Ok, I did some additional treatments to the walls and the bottom of the shelving above my head. Does that help with the sound at all? I still have not run any filters. This is the raw wave file
Any improvement or does it still sound the same to you guys?
“Treatment” can be just making them non-parallel. We had a remarkably good room to record in once, not because of extensive blankets and duvets and carpets, but because none of the walls were parallel. Will will correct me, but I don’t think the ceiling was parallel to the floor, either. Many sound recordings were made in that room.
Don’t forget to put something between the microphone and the desk if you have a desk stand. That’s a favorite place to cause an odd sounding voice.
Forget all the complicated microphones in this picture. Look at the folded furniture moving blanket on the desk.
They were perfectly correct. You can spend hours in Audacity trying to patch together a ratty recording only to get a different ratty recording. Don’t believe the phrase “Noise Removal,” and we can’t take out echoes.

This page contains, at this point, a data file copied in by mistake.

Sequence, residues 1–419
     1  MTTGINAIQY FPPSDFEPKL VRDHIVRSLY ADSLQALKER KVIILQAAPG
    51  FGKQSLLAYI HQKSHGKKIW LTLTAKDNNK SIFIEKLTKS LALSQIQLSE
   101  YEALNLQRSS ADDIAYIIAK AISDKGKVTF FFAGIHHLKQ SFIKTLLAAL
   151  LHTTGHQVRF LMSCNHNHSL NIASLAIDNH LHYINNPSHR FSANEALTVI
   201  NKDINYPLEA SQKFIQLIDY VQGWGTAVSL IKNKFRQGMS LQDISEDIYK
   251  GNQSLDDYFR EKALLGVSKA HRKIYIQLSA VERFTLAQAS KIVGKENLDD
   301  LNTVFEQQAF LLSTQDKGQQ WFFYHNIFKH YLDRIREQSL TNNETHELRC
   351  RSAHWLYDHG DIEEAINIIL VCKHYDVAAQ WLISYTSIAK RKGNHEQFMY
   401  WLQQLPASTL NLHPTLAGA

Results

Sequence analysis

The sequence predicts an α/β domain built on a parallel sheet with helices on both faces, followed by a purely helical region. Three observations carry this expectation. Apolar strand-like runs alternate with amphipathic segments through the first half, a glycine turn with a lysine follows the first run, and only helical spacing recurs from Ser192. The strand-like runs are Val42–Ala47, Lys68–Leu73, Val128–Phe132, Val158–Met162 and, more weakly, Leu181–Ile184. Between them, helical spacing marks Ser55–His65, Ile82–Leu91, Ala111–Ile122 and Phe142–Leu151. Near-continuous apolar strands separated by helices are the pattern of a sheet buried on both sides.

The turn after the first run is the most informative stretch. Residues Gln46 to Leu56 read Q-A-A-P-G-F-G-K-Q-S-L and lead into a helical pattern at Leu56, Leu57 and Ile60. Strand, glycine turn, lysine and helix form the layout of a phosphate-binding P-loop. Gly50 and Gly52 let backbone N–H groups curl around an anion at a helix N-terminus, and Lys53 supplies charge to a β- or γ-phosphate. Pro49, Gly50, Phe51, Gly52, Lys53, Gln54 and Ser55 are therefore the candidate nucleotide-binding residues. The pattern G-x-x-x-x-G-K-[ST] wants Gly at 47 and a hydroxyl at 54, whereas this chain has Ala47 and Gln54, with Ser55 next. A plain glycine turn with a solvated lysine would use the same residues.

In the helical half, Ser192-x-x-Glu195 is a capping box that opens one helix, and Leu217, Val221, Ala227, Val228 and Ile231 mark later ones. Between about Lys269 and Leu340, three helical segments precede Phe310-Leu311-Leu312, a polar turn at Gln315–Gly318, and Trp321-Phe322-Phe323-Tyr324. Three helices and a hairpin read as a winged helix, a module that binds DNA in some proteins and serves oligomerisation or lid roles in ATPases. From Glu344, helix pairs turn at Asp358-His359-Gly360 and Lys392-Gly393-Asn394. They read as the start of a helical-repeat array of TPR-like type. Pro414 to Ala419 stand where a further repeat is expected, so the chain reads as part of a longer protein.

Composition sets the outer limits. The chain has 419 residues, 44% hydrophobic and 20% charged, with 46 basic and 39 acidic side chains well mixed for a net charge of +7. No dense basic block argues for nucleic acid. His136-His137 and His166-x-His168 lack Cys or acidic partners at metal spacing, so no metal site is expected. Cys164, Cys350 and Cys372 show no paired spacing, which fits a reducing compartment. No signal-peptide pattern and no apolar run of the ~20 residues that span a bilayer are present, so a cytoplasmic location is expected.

One more. If you do have a desk stand, start a recording with you talking and slowly pick the microphone straight up. If your voice goes through ‘talking in a wine glass’ effects, then you have a “live” table and need more towels. If your voice just gets quieter, that’s normal.
That’s pretty impressive. You will probably pass ACX compliance without a great deal of work although the sound is still a little “tight.” I could listen to a story in that voice.
Here’s a trick. Steve designed a “rumble filter” which you can use installed in Effect > Equalization. It will give you a significantly quieter “background” with little or no effect on the voice.
Steve Daulton created a custom equalization curve for the purpose of helping voice presentations pass Audiobook Certification. It’s action is to eliminate rumble and low pitched sounds, suppress power line hum, and suppress P-popping and other thumpy mouth sounds. It can help with hand-held microphone rumbly sounds.
Take questions to the Audacity forum.
— Get the custom filter.
The filter name is LF_rolloff_for_speech.xml. You can download it from here:
It’s a dead simple XML text file. You can open it in TextEdit or Notepad and read it. Be careful not to change the filename or extension.
— Add a Custom Curve to the Audacity Equalization Tool.
Put something on the timeline even if you have to generate a couple of seconds of silence or noise. Content doesn’t matter.